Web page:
Last week, Facebook invited some media outlets to an event to hear what the company plans on doing about misinformation disseminated on its platform.
But many journalists, including CNN’s Oliver Darcy, were left dissatisfied with Facebook’s response.
Facebook invited me to an event today where the company aimed to tout its commitment to fighting fake news and misinformation.
I asked them why InfoWars is still allowed on the platform.
I didn’t get a good answer.https://t.co/WwLgqa6vQ4
— Oliver Darcy (@oliverdarcy) July 12, 2018
So why won’t Facebook ban sites that peddle obviously false information, like InfoWars?
In a Wednesday interview with Recode’s Kara Swisher, CEO Mark Zuckerberg said that Facebook draws a distinction between information that is objectively false and words that are meant to incite physical violence or “attack individuals” verbally.
“There are really two core principles at play here,” he said. “There’s giving people a voice, so that people can express their opinions. Then there’s keeping the community safe, which I think is really important. We’re not gonna let people plan violence or attack each other or do bad things. Within this, those principles have real trade-offs and real tug on each other. In this case, we feel like our responsibility is to prevent hoaxes from going viral and being widely distributed.”
Zuckerberg went on to explain that Facebook would examine sites that were flagged as “potential hoaxes”—in other words, limiting their spread across the site.
“Look, as abhorrent as some of this content can be, I do think that it gets down to this principle of giving people a voice,” he continued.
“Even if it’s a hoax?” Swisher continued.
“Yeah,” Zuckerberg said. “I mean, at some level, it’s hard to always have a clear line between… I’m not defending any specific content here. I think a lot of the content that’s at play is terrible. I think when you get into discussions around free speech, you’re often talking at the margins of content that is terrible and what should… but defending people’s right to say things even if they can be bad.”
He added that Facebook is “moving toward the policy of misinformation that is aimed at or going to induce violence, we are going to take down because that’s basically… The principles that we have on what we remove from the service are, if it’s going to result in real harm, real physical harm, or if you’re attacking individuals, then that content shouldn’t be on the platform. There’s a lot of categories of that that we can get into, but then there’s broad debate.”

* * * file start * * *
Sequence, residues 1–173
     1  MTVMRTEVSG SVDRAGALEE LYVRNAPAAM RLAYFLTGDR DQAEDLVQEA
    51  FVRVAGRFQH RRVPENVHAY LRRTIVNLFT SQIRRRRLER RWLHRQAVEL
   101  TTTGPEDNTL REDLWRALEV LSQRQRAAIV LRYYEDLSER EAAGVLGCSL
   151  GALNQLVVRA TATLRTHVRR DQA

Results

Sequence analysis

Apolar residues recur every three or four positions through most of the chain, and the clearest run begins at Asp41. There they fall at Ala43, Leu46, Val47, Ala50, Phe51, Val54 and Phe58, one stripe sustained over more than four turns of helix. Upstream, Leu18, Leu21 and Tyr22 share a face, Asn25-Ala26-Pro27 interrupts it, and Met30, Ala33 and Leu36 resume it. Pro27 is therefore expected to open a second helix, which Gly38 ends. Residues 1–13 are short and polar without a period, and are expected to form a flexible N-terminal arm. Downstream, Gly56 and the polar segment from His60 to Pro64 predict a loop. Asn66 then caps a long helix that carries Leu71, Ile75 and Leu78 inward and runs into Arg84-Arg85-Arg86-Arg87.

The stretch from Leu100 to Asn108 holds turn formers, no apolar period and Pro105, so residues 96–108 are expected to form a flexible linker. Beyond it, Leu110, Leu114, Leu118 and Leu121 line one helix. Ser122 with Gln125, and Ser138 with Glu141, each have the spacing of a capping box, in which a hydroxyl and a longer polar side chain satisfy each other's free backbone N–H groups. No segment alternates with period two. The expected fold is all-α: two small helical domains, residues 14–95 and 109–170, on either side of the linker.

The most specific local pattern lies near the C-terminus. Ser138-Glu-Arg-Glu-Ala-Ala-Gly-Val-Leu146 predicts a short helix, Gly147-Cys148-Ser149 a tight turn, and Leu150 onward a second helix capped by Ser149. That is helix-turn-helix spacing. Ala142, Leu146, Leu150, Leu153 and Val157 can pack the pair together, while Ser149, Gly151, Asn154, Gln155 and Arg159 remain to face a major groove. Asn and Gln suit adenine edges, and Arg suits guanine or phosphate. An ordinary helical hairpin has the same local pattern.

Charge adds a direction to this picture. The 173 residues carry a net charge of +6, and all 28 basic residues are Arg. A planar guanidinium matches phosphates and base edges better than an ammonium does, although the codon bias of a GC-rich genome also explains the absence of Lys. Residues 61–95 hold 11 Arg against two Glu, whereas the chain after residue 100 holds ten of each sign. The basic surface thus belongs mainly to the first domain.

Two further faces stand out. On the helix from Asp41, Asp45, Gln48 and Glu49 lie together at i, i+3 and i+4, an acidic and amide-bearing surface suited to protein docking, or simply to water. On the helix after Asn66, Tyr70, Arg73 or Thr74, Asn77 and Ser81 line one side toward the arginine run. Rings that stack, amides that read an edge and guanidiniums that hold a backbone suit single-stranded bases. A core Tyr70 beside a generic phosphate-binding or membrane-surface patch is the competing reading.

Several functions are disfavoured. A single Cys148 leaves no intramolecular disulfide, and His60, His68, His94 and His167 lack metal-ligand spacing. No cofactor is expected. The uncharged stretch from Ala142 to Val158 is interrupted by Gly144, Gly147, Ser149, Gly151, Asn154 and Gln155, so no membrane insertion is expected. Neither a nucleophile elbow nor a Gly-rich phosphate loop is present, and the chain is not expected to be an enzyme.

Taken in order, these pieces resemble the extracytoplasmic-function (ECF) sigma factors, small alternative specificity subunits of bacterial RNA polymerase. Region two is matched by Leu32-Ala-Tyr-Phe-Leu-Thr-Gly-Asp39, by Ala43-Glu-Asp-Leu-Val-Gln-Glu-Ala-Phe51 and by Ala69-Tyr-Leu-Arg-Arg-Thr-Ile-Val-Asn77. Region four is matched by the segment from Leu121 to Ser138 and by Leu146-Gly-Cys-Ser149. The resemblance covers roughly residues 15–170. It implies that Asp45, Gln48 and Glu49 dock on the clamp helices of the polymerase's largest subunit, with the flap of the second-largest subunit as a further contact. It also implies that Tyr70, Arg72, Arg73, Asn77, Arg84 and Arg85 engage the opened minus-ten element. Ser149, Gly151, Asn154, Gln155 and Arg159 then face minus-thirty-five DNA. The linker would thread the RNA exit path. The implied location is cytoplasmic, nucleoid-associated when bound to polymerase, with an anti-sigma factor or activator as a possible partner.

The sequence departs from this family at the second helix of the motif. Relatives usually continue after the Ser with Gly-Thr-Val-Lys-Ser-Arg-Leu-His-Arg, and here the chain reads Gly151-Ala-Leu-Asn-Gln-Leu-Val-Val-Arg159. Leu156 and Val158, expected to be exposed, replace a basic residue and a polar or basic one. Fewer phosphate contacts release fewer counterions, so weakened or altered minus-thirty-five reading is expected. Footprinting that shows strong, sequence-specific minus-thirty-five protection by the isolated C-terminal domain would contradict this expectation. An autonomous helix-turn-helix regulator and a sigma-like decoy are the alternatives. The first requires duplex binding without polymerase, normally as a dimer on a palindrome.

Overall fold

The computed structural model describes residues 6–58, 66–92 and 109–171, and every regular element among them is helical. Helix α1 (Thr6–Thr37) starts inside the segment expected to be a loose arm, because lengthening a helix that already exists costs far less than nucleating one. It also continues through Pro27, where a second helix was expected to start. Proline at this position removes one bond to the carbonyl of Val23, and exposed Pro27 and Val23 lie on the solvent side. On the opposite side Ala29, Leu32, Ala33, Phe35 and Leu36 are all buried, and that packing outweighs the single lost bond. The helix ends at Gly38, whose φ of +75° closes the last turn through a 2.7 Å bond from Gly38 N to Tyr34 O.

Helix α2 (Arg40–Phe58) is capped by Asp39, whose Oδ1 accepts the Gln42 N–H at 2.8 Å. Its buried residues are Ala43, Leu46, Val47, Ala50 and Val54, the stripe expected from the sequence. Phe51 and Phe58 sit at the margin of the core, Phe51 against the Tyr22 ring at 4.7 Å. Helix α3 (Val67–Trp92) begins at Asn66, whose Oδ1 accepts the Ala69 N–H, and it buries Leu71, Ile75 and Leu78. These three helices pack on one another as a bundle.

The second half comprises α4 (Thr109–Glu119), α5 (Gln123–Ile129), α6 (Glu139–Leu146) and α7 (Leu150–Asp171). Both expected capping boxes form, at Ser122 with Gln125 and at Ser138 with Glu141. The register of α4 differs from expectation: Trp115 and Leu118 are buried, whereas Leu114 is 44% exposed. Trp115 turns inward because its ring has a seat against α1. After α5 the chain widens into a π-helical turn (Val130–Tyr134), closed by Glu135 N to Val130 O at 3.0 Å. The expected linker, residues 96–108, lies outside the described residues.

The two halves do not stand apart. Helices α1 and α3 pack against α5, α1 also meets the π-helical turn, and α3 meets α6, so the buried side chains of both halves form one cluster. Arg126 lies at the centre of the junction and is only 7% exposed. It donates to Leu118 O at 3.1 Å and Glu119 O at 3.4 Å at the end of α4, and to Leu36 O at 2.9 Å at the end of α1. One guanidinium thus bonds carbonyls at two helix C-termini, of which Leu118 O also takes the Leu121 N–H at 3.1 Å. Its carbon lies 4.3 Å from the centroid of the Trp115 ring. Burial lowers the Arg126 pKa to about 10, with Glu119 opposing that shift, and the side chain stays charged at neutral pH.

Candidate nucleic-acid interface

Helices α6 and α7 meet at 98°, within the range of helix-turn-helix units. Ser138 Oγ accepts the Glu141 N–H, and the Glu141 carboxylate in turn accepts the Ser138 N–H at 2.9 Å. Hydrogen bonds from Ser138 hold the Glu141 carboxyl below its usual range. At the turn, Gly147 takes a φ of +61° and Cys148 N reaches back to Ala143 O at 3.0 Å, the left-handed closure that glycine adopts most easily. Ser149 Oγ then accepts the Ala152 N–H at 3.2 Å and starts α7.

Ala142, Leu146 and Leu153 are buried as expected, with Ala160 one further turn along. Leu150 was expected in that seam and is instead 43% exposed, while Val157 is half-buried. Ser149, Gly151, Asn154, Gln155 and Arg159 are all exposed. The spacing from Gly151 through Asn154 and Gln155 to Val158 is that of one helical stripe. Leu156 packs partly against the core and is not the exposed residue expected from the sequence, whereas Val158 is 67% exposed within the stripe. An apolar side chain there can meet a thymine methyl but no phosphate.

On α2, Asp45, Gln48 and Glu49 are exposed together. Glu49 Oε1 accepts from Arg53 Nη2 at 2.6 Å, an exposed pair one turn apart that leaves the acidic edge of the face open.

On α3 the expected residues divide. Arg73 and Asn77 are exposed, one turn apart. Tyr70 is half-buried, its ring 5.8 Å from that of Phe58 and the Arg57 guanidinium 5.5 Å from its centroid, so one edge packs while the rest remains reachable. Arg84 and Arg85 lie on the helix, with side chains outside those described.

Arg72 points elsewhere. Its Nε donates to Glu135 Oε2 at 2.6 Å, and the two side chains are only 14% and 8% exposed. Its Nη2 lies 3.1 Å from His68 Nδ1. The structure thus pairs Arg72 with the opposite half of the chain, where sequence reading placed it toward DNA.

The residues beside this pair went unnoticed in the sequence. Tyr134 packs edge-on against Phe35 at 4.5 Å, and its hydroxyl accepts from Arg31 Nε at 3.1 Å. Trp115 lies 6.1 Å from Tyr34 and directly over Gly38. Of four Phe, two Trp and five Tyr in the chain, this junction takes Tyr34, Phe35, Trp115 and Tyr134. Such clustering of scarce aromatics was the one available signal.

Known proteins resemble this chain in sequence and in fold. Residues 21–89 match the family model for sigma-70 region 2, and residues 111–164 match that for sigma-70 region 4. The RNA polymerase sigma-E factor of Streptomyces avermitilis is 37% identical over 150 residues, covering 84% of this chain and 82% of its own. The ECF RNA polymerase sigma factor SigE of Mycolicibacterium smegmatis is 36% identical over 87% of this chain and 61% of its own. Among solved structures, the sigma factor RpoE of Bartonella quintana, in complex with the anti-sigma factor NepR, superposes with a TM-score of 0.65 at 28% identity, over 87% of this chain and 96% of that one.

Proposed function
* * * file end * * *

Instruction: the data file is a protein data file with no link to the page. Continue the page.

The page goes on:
But Swisher challenged Zuckerberg by noting that InfoWars’ repeated claims that the Sandy Hook shooting was staged are lies and “not a debate.” Zuckerberg agreed that “it is false.” However, if one Facebook user is going to attack a Sandy Hook victim or their family member, “that is harassment, and we actually will take that down.”
Zuckerberg said that Facebook would even allow Holocaust deniers “because I think there are things that different people get wrong. I don’t think that they’re getting it wrong.” He seemed to suggest that people who hold such viewpoints are somehow innocently misguided.
“It’s hard to impugn intent and to understand the intent,” Zuckerberg continued. “I just think, as abhorrent as some of those examples are, I think the reality is also that I get things wrong when I speak publicly. I’m sure you do. I’m sure a lot of leaders and public figures we respect do, too, and I just don’t think that it is the right thing to say, ‘We’re going to take someone off the platform if they get things wrong, even multiple times.’ What we will do is we’ll say, ‘OK, you have your page, and if you’re not trying to organize harm against someone or attacking someone, then you can put up that content on your page, even if people might disagree with it or find it offensive.’ But that doesn’t mean that we have a responsibility to make it widely distributed in News Feed.”
Swisher did not ask Zuckerberg what he thinks about Facebook profiting via ads from websites that traffic in obviously fake news.